• National Archives at Denver – Native American censuses
      17101 Huron Street
      Broomfield, CO 80023
      Telephone: 303-604-4740
      Fax: 303-407-5707
    • National Archives and Records Administration - Dawes Commission Final Cards of the Five Civilized Tribes
      8601 Adelphi Road
      College Park, MD 20740-6001
      Toll free: 1-866-272-6272
    • Access Genealogy – Wyoming Native American census records, tribal histories, and much more
    • U.S. National Archives - information on American Indians who maintained their ties to Federally-recognized Tribes (1830-1970).
    • Records of the Bureau of Indian Affairs (BIA)
    • American Indians Records Repository - records dating from the 1700s including trust, education and other historic Indian Affairs records
      American Indian Records Repository
      Meritex Enterprises
      17501 West 98th Street
      Lenexa, KS 66219
      Phone: 913-888-0601

Missing Matriarchs – Resources for Researching Female Wyoming Ancestors

Looking for female ancestors requires an adjustment of how we view traditional records sources. A woman’s identity was often under that of her husband, and often individual records for them can be difficult to locate. The following resources are effective in locating female ancestors in Wyoming where traditional records may not reveal them.


  • Wyoming from Territorial Days to Present. 3 Vols., Frances B. Beard (American History Society, 1933)
  • The Important Things of Life: Women, Work, and Family in Sweetwater County, Wyoming, 1880-1929, Dee Garceau (Putnam’s Sons, 1958)
  • The Feminine Frontier: Wyoming Women, 1850-1900,Denice Wheeler (The Author, 1987)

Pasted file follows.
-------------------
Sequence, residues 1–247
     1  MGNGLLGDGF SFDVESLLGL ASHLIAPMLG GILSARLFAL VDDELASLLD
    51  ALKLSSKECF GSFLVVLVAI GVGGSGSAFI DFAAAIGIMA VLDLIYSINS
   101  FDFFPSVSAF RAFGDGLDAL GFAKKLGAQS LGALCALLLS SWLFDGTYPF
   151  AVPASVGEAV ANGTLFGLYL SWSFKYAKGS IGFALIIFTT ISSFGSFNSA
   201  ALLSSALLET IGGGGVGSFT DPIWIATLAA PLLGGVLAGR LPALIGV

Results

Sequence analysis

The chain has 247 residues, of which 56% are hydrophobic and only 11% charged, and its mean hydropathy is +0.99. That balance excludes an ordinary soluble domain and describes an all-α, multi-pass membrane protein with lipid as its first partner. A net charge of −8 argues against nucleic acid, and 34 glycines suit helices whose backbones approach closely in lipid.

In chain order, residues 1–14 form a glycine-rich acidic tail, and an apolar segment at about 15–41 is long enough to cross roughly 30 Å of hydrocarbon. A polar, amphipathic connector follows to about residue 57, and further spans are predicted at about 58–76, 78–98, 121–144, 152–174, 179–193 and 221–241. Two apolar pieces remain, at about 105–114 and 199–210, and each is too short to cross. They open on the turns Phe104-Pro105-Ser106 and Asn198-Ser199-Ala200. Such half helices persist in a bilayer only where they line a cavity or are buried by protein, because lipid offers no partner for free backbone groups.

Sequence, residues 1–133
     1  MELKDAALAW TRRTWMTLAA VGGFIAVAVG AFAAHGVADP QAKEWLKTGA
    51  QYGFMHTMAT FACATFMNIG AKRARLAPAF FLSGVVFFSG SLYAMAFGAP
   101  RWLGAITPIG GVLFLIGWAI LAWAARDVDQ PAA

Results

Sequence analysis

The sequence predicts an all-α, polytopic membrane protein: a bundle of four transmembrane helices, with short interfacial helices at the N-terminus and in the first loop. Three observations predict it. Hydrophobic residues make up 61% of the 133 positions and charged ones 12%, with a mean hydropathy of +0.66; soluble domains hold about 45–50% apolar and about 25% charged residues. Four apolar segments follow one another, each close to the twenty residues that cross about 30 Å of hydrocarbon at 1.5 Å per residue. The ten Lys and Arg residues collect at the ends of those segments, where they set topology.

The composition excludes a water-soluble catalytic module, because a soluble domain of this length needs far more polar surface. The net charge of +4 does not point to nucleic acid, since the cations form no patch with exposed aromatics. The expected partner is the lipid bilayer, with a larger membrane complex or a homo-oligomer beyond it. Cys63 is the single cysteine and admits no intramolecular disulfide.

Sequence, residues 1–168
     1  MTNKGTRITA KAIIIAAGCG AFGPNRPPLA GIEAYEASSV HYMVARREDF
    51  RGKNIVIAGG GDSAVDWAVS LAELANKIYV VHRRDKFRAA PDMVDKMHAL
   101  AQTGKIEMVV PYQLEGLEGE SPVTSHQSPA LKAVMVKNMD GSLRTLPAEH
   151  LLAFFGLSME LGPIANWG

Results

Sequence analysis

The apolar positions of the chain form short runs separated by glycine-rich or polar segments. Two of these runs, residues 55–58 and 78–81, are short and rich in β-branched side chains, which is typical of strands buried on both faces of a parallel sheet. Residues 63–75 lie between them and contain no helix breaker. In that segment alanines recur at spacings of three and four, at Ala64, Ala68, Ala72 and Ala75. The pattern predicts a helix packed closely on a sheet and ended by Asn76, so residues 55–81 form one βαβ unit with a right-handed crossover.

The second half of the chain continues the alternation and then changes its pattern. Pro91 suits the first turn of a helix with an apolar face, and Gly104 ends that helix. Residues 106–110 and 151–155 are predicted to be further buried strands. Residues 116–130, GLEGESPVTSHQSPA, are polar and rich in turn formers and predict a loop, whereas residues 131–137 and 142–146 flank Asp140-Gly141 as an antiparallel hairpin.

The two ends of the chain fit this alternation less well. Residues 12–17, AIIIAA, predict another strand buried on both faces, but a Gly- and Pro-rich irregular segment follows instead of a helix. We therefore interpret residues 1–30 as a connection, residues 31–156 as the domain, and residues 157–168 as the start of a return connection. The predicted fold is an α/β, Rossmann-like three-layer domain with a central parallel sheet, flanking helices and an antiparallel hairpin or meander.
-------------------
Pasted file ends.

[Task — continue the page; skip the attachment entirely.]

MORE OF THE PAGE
• Stories of Early Days in Wyoming: Big Horn Basin, Tacetta B. Walker (Daily Sentinel Print, 1875)

Selected Resources for Wyoming Women’s History

Women’s History Research Center
American Heritage Center
University of Wyoming
Box 3924
Laramie, WY 82071-3924

Laramie County Library
2200 Pioneer Avenue
Cheyenne, WY 82001

Wyoming State Archives 
2301 Central Avenue 
Cheyenne, WY 82002

Common Wyoming Surnames

The following surnames are among the most common in Wyoming and are also being currently researched by other genealogists. If you find your surname here, there is a chance that some research has already been performed on your ancestor.

Abraham, Appleby, Andrus, Barone, Baroody, Bates, Battermann, Baughman, Berry, Beissner, Binning, Bloomfield, Bowers, Bowman, Boynton, Bradshaw, Brady, Brown, Brunel, Buchmeier, Burbeck, Camp, Campbell, Carter, Cater, Chiester, Christiansen, Churchill, Clements, Coffta, Coggins, Colshan, Combs, Conyers, Cottle, Crawford, Dahlsted, Danhuaser, Darling, Davis, Delp, DeRosa, Dickinson, Dixon, Doman, Douglas, Dupaly, Dye, Draeger, Eastin, Ellis, Engelking, Engel, Erickson, Estep, Evans, Ezquierdo, Fergus, Fisher, Froman, Fuller, Fowler, Fry, Frye, Gardner, Gaveka, Garcia, Gawel, Generous, Gerland, Gewecke, Georgeanna, Gersbach, Glasgow, Gongwer, Greser, Gulli, Gustin, Hagerdon, Hall, Hasenjaeger, Hammer, Hancy, Heishman, Helsley, Heltzel, Hendrickson, Hively, Herendeen, Hines, Hoag, Holsow, Holt, Holmes, Houghton, Hunter, Hurt, Huxhold, Huxhole, Huzzy, Hyatt, Issa, Jackson, James, Jenkins, Jepson, Johnston,Johnson, Joseph, Justus, Karcher, Kauke, Kelkenberg, Keller, Kendell, Kimball, King, Kirkley, Knight, Korecko, Krause, Khour, King, Kirchoff, Koch, Koehler, Kossuth, Krama, Laird, Lange, Lawless, Lewis, Lomax, Long, Lemons, Leybe, Lien, Loghry, Lowther, Luther, Magdalena, Martinez, Maynard, Merk, Matthies, McCoy, Merckel, Meriwether, Merkele, Meyer, Micheal, Mills, Moeller, Morgan, Moomaw, Moore, Morris, Mullins, Munson, Nation, Neese, Neels, Nicholaus, Nowatzki, O'Leary, Offutt, Ostfeld, Owen, Oxford, Olson, Orndorff, Ovis, Parent, Pasquali, Pape, Parmalee, Partley, Payne, Peachy, Peasley, Petet, Peterson, Pitman, Pohler, Pope, Potts, Preckel, Quarles, Ramaha, Ranney, Reade, Rice, Riding, Richardson, Roberts, Roberta, Robertson, Rogers, Rosenbaum, Ross, Sager, Sale, Sanchez, Santucci, Schamber, Scott, Schaper, Scranton, Senne, Seegers, Seggebrok, Sieckmann, Shadman, Shanley, Showman/Sherman, Smith, Spair, Spereaw, Spears, Stahlhut, Stunkel, Swift, Spigle, Spillman, Stevens, Stipke, Tanner, Taliaferro, Taylor, Tegtmeier, Thatcher, Thomas, Thorton, Thurlow, Thyret, Tindell, Tussing, Umberger, Van Male, Vandehei, VanLeuven, Vehling, Veach, Wakefield, Walker, Warner, Warnstrom, Webster, Wetzel, Whitman, Wicken, Wilcox, Wilson, Wilkenson, Wilkins, Willard, Woodhouse, Wright